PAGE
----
Not more than a century ago English farmers thought it necessary to sow barley when the earliest note of the cuckoo was heard in order to insure a full crop.
In Russian folklore the Erzians from Mordovia the story is that the cuckoo was destined to become a domestic bird, however, at first it promised and then refused to fulfil the wish of Ange Patiai, the goddess-patroness of marriage, health, women in childbirth and infants, to lay eggs each day. Due to this, the cuckoo was punished and ousted from the human dwelling to the forest. In addition, the goddess did not allow the cuckoo to build its own nest and ordered it to lay its eggs in the nests of other birds. In order for the cuckoo to remember the broken promise, Ange Patiai made the cuckoo and its eggs speckled. Since then, it cuckoos sadly in the forest.
In the west of Scotland, on hearing the cuckoo for the first time, pull off your shoes and stockings, and, if you find a hair on the sole of the left foot, it will be the exact colour of the hair of your future spouse. If no hair is found, then another year of single life must be endured.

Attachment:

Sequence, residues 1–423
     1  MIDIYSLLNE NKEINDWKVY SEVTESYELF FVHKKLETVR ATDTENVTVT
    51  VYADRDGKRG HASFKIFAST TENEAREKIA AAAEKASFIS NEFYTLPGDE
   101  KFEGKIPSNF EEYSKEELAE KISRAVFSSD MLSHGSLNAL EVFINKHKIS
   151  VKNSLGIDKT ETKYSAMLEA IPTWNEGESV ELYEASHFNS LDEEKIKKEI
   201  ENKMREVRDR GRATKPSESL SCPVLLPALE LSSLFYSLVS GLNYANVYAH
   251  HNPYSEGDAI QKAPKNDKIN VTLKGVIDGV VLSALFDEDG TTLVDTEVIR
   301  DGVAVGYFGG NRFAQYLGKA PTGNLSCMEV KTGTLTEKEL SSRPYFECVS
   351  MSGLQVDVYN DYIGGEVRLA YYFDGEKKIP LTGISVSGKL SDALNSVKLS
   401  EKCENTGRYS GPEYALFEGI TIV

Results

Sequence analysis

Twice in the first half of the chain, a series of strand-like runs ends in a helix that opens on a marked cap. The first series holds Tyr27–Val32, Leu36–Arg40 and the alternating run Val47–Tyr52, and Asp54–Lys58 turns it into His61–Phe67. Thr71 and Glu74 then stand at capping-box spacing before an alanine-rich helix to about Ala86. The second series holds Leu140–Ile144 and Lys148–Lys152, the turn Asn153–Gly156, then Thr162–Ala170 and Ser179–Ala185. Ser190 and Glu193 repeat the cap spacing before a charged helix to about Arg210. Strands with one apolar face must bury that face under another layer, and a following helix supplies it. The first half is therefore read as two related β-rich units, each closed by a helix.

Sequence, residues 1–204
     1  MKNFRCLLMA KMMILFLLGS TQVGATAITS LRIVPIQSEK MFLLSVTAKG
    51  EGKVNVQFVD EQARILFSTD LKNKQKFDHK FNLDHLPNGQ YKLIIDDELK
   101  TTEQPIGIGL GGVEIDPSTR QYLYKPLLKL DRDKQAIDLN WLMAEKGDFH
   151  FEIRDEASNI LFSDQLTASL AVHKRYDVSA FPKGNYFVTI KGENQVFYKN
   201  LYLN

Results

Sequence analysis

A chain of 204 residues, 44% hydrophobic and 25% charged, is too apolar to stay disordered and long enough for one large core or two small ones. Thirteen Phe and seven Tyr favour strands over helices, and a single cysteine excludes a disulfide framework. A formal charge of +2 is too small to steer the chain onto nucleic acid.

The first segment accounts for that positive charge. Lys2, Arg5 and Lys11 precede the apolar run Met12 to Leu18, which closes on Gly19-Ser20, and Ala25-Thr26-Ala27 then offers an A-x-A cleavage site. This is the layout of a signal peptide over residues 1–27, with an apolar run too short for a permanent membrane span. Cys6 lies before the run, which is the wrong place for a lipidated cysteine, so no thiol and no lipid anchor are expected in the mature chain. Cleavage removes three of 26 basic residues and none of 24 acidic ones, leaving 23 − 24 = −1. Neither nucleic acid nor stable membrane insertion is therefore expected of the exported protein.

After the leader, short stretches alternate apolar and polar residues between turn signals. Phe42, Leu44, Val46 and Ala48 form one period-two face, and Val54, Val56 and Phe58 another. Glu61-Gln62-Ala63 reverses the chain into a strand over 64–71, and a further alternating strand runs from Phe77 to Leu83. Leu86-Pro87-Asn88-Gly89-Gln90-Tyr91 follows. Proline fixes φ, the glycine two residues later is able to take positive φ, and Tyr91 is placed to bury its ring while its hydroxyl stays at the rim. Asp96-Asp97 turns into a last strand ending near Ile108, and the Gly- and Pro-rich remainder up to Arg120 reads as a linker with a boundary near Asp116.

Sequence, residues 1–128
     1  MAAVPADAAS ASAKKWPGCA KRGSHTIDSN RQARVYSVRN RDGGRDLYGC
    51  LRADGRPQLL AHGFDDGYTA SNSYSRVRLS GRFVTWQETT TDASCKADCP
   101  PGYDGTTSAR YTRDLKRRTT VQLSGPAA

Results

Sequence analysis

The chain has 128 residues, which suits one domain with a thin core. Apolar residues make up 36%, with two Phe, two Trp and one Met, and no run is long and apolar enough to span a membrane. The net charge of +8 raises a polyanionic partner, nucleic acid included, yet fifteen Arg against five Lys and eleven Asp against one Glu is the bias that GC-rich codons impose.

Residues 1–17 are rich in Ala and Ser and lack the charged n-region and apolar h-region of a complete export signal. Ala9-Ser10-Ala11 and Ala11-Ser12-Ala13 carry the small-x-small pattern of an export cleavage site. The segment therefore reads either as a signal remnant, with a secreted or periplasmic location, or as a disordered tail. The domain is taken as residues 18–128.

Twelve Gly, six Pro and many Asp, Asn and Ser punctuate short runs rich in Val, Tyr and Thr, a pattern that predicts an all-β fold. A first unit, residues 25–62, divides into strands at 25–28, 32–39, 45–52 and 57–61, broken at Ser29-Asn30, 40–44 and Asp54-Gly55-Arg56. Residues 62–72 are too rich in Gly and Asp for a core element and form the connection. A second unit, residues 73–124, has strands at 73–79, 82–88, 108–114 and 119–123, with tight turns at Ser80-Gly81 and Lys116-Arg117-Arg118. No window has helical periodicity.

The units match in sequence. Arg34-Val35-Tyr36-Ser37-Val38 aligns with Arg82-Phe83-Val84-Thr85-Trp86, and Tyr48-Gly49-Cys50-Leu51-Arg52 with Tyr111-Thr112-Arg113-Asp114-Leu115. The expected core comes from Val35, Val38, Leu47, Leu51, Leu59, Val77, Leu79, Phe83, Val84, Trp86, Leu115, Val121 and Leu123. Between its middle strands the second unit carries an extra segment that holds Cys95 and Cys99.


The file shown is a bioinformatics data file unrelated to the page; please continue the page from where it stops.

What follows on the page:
In Westphalia, Germany the peasants, on hearing the cuckoo for the first time, roll over and over on the grass, and by so doing insure themselves against lumbago for the rest of the year. This is, considered all the more likely to happen if the bird repeat his cry while they are on the ground.
The spirit of a dead man from Serbia was detained in misery on earth because his sister was perpetually weeping at his grave. At last he became angry at her unreasonable sorrow, so he cursed her ; whereupon she was immediately changed into a cuckoo (Kukavitza), and now she has enough to do to lament for herself.
In Albania there were once two brothers and a sister. The latter accidentally killed one of them, by getting up suddenly from her needlework and piercing him to the heart with her scissors. She and the surviving brother mourned so much that they were turned into birds ; he cries out to the lost brother by night Gjon, Gjon and she by day Ku Ku, Ku Ku, which means Where are you?
There is a childish legend current with us, if not popularly believed, that a certain old woman of irascible temper has charge of all the cuckoos, and that in the spring she fills her apron with them, and, if she is in a good humour, allows several to take flight, but only permits one or two to escape if anything has happened to sour her temper. Some think that at a certain period the cuckoo changes into a hawk.
BIRDS IN LEGEND FABLE and FOLKLORE BY ERNEST INGERSOLL, 1923
Tatiana Deviatkina. Images of Birds in Mordvinian Mythology. Folklore: 48th
Folklore Society (Great Britain). Folk-Lore Record. London, 1878-82.